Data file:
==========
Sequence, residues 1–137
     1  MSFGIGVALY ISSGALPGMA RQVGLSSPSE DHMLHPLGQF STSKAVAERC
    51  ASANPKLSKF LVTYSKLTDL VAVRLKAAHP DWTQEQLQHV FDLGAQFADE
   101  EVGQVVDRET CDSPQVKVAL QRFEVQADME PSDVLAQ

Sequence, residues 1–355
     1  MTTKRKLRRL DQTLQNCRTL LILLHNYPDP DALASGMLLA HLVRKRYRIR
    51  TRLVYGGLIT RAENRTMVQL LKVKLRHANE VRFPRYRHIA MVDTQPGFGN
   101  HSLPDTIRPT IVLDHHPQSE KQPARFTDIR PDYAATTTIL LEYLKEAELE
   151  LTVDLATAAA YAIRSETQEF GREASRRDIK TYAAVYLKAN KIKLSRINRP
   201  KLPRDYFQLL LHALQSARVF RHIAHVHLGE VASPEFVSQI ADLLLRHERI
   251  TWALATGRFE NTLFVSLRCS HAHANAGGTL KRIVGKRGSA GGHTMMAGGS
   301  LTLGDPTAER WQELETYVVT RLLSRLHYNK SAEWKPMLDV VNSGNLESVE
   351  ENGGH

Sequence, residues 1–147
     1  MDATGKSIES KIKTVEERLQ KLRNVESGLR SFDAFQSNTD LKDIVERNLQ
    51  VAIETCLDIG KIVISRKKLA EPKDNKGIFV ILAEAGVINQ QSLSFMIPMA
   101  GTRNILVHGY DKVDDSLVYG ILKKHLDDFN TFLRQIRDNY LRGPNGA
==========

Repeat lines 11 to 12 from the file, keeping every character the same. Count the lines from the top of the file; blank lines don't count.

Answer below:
   251  TWALATGRFE NTLFVSLRCS HAHANAGGTL KRIVGKRGSA GGHTMMAGGS
   301  LTLGDPTAER WQELETYVVT RLLSRLHYNK SAEWKPMLDV VNSGNLESVE